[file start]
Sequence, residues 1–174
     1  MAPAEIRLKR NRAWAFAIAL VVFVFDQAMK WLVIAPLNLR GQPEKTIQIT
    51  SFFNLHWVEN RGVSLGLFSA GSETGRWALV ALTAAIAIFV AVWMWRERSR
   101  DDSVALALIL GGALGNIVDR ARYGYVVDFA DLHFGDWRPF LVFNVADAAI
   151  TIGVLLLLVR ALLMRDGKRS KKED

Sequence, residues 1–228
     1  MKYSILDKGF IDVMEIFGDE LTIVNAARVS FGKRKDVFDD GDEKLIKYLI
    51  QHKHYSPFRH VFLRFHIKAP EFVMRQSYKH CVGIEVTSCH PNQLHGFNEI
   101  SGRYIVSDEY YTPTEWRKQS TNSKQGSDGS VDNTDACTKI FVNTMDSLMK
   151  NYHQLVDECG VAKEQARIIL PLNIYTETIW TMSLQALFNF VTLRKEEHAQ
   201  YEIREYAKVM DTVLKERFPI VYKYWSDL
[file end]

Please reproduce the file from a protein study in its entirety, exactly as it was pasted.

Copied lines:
Sequence, residues 1–174
     1  MAPAEIRLKR NRAWAFAIAL VVFVFDQAMK WLVIAPLNLR GQPEKTIQIT
    51  SFFNLHWVEN RGVSLGLFSA GSETGRWALV ALTAAIAIFV AVWMWRERSR
   101  DDSVALALIL GGALGNIVDR ARYGYVVDFA DLHFGDWRPF LVFNVADAAI
   151  TIGVLLLLVR ALLMRDGKRS KKED

Sequence, residues 1–228
     1  MKYSILDKGF IDVMEIFGDE LTIVNAARVS FGKRKDVFDD GDEKLIKYLI
    51  QHKHYSPFRH VFLRFHIKAP EFVMRQSYKH CVGIEVTSCH PNQLHGFNEI
   101  SGRYIVSDEY YTPTEWRKQS TNSKQGSDGS VDNTDACTKI FVNTMDSLMK
   151  NYHQLVDECG VAKEQARIIL PLNIYTETIW TMSLQALFNF VTLRKEEHAQ
   201  YEIREYAKVM DTVLKERFPI VYKYWSDL